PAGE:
Recent attempts by the British side to clarify their proposals regarding the border between Northern Ireland and the Republic after they leave the European Union have done little to assuage people's fears about what might happen
RECENT attempts by the British side to clarify their proposals regarding the border between Northern Ireland and the Republic after they leave the European Union have done little to assuage people's fears about what might happen and, if anything, have only added to the haze of confusion about Brexit. Fanciful is probably the best word to describe a lot of what they have in mind, all of which would be subject to agreement with the EU negotiators first.
Some commentators would regard the British government's policy papers on future Customs arrangements and the Irish border as an opening negotiating gambit, but the documents give the impression that it wants its bread buttered on both sides by seeking to leave the EU but still try to keep all of the benefits associated with being a member. This will certainly not be tolerated by the other 27 member-states and Ireland should make this very clear to our neighbours, especially as their latest policy papers â whose contents are either naÃ¯ve or old-fashioned British bulldog brashness â make us a veritable pawn in the negotiations.
These papers came in response to Taoiseach Leo Varadkar's straight-talking remarks at the end of last month about the lack of clarity in the British position about cross-border trade between Northern Ireland and the Republic, and the possibility that Brexit might lead to the restoration of some form of physical border, which he said âwe don't want.' He threw down the gauntlet to the British government, pointing out that it is they who want to leave the EU and, âif they want to put forward smart solutions, technological solutions for borders of the future and all of that, that's up to them. We're not going to be doing that work for them because we don't think there should be an economic border at all.'
Strong words indeed and among his cheerleaders were Sinn FÃ©in leader Gerry Adams, which made for a new departure in Irish politics, but while some commentators expressed concern about the directness of his approach, his call for clarity on the British side was both necessary and welcome. Arlene Foster and other leading figures in the Democratic Unionist Party, predictably, described his intervention as âunhelpful,' butÂ they surely cannot expect our Taoiseach to stand idly by given the huge implications that Brexit would have for life on this island and for the Good Friday Agreement.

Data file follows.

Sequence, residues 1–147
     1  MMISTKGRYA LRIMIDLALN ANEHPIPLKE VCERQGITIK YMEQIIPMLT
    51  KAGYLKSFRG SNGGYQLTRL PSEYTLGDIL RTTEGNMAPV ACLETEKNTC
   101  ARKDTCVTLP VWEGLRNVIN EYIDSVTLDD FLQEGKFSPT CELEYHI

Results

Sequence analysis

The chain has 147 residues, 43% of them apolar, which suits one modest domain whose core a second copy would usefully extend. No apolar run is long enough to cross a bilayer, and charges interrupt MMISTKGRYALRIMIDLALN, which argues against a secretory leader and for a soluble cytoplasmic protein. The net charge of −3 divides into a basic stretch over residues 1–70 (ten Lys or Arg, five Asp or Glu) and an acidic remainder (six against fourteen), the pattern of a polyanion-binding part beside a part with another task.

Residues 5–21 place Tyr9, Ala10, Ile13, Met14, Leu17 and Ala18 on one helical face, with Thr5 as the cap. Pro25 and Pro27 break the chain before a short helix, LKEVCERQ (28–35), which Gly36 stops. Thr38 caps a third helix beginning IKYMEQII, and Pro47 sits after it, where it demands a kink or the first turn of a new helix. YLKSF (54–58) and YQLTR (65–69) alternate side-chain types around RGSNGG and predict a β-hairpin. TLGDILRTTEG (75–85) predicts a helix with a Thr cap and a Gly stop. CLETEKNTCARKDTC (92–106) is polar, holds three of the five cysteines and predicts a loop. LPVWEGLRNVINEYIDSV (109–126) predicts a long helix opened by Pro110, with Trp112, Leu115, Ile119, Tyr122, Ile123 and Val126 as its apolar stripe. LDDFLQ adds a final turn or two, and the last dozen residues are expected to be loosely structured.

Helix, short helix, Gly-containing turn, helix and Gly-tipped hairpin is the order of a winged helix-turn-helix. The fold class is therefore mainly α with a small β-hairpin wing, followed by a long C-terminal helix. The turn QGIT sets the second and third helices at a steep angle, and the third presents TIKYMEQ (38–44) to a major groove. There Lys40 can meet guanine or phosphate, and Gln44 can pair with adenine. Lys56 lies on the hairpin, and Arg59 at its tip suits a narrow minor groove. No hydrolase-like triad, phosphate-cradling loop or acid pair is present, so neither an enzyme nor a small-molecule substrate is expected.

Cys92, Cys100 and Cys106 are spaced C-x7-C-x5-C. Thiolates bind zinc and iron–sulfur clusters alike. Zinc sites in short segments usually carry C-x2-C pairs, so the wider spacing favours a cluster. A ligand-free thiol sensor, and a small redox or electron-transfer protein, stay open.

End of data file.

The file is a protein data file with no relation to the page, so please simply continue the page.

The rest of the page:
The British Government response last week by way of the publication of papers setting out its negotiating stance on trade and Customs and on the border between Northern Ireland and the Republic did little by way of providing clarity and, indeed, it smacked of them making it up as they went along. Fourteen months after Britain voted the leave the EU, we are not much wiser about what they hope to achieve by doing so; all we know is that Ireland is caught in the crossfire and is the country likely to suffer the most, economically, from any fall-out no matter how much it is mitigated.
In contrast to the Taoiseach's forthright remarks a month ago, Minister for Foreign Affairs Simon Coveney was perhaps too charitable in describing the British position papers as âa helpful contribution' and âbringing a degree of much-needed clarity.' Pertinently, he did point out, as regards the border, that the British âseeing technology as the answer misunderstands the problem. We cannot rely on technology alone to solve political questions.'
In the case of the border between Ireland north and south â which will effectively be the land border between the European Union and the United Kingdom â the political issues are quite complex and need to be confronted head-on. The time for beating about the bush is over and the tough talking needs to start; the reality is that Brexit means a border â like it or not.
And, when it comes to the end game in the negotiations, the final decision about how the land border between the Republic and Northern Ireland will work will be largely influenced by the requirements of the European Union as a whole. It is up to the Irish government to ensure that our interests are properly catered for in whatever agreements are made with Britain so that we won't become the sacrificial lamb once again that the EU made of us at the time of the banking crisis nine years ago.